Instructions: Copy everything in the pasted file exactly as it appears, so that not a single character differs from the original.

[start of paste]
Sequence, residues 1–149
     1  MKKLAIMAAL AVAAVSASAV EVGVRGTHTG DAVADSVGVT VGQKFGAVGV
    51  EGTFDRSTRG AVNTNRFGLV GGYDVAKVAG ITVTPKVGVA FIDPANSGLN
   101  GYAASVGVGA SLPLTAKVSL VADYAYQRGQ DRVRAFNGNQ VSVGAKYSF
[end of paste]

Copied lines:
Sequence, residues 1–149
     1  MKKLAIMAAL AVAAVSASAV EVGVRGTHTG DAVADSVGVT VGQKFGAVGV
    51  EGTFDRSTRG AVNTNRFGLV GGYDVAKVAG ITVTPKVGVA FIDPANSGLN
   101  GYAASVGVGA SLPLTAKVSL VADYAYQRGQ DRVRAFNGNQ VSVGAKYSF